Venezuelan and Cuban activists lobby U.N. on human rights
BY STEPHANIE NEBEHAY
GENEVA Wed Jun 18, 2014 1:51pm EDT
(Reuters) - Venezuelan and Cuban activists lobbied the United Nations on
Wednesday to investigate the deaths of dozens of student protesters in
Caracas and the jailing of Cuban dissidents.
The two Latin American powers, led by socialist Presidents Nicolas
Maduro and Raul Castro, are members of the 47-member U.N. Human Rights
"We came to Geneva to ask the U.N. to send a mission to Venezuela to
evaluate the cases of human rights violations that students have been
subjected to," Eusebio Costa, a student activist and President of the
Student Center at the Catholic University Santa Rosa in Caracas, told a
He said 117 students are still being held, some in high-security
military prisons, after three months of protests that began in the major
oil-producing nation in February. Forty-two people including 38 students
were killed in the violence.
The government says the protests were a veneer for a U.S.-backed
conspiracy to oust the successor to the late Hugo Chavez.
U.N. High Commissioner for Human Rights Navi Pillay, in an opening
speech to the Human Rights Council on June 10, called for independent
U.N. investigators to have access to Venezuela.
Venezuela last invited a U.N. human rights investigator in 1996, and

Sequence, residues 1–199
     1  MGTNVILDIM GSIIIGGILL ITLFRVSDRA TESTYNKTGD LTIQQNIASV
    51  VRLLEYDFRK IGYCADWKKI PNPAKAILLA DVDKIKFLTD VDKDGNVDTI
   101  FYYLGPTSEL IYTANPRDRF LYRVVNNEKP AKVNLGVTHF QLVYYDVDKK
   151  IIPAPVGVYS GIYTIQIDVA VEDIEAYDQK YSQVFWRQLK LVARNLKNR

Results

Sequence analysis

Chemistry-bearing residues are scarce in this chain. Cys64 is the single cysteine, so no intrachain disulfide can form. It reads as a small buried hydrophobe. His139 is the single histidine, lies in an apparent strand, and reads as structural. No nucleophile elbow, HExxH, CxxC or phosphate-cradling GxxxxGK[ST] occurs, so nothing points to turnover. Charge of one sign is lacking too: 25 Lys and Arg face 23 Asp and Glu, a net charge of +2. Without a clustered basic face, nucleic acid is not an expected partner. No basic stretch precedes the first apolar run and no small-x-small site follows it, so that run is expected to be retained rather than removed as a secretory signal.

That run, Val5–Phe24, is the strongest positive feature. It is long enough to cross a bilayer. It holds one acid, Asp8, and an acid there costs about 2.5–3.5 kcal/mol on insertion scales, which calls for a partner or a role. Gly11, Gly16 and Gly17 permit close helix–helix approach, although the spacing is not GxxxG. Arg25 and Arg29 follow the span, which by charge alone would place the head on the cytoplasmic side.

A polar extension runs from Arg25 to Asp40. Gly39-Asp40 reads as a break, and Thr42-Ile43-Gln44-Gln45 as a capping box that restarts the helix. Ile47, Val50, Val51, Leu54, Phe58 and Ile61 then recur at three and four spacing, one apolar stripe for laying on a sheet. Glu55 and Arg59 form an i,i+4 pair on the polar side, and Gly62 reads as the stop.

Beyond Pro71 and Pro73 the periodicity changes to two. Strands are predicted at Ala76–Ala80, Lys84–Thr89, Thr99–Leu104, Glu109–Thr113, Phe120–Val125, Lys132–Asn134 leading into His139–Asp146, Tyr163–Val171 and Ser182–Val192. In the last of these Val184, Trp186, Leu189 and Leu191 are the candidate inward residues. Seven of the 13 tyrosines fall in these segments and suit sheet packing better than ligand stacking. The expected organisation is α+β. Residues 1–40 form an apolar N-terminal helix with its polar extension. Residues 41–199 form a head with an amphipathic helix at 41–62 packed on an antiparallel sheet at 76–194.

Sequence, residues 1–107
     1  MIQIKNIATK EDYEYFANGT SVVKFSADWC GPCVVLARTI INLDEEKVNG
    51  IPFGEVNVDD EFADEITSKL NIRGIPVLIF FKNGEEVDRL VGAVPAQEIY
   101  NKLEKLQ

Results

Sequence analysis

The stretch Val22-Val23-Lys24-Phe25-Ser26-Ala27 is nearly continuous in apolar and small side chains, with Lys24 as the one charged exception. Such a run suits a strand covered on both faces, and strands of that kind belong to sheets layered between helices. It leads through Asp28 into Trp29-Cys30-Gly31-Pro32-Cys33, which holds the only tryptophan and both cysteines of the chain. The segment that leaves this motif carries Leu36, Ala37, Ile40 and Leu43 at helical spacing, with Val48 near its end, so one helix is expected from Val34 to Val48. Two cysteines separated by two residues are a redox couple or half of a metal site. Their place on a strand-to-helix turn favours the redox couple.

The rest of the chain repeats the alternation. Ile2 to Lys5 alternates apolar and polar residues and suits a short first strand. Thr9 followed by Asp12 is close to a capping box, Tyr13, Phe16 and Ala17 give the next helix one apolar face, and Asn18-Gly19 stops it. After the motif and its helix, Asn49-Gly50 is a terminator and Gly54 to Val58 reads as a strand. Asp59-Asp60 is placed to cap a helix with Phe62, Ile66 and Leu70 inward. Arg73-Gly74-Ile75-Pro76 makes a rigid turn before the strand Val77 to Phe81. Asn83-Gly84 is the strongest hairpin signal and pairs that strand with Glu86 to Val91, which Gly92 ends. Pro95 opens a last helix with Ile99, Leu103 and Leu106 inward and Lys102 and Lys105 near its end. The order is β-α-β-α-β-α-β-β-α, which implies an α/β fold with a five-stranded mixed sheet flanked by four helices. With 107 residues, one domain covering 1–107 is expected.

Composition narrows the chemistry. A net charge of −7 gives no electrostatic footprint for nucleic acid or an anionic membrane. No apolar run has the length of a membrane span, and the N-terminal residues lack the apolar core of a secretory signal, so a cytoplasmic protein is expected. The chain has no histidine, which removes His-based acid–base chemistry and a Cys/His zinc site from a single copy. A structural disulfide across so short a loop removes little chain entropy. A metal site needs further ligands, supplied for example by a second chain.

Cuba in 2007, whereas 108 countries have extended standing invitations
to all investigators, U.N. officials say.
'FINANCED BY FOREIGN POWERS'
So far, no country has presented a resolution on Venezuela or Cuba at
the Council's three-week session ending on June 27.
Venezuelan student Alejandro Suarez Teppa, a national board member of
the Juventud Activa Venezuela Unida (United Active Youth of Venezuela),
recalled witnessing students being shot in February and said his student
camp was attacked on the night of May 8.
"They put drugs and weapons inside the camps and U.S. dollars to
indicate we were financed by foreign powers," he told reporters, saying
he was beaten then held in isolation for 72 hours.
Venezuelan government supporters and even some in opposition have
criticized demonstrators for blocking streets and staging violent
confrontations with police.
Cuban activists, backed by groups including UN Watch, said authorities
detained and assaulted Jorge Luis Garcia Perez, a dissident known as
"Antunez" who previously served 17 years in prison, and his wife Yris
Tamara Perez Aguilera last week.
The Cuban government says the activists are working for the United
States to discredit Cuba.
Cuba in recent years has freed political prisoners and taken to
temporarily detaining political opponents such as Antunez. Some 1,000
people a month are jailed and released within a few hours or days for
political activity, Cuban dissidents say.
The Cuban government does not acknowledge the statistics and views the
activists as mercenaries who are doing the bidding of the United States
to undermine the 1959 revolution.
(Reporting by Stephanie Nebehay in Geneva; additional reporting by Brian
Ellsworth in Caracas and Daniel Trotta in Havana; Editing by Ruth Pitchford)
Source: Venezuelan and Cuban activists lobby U.N. on human rights |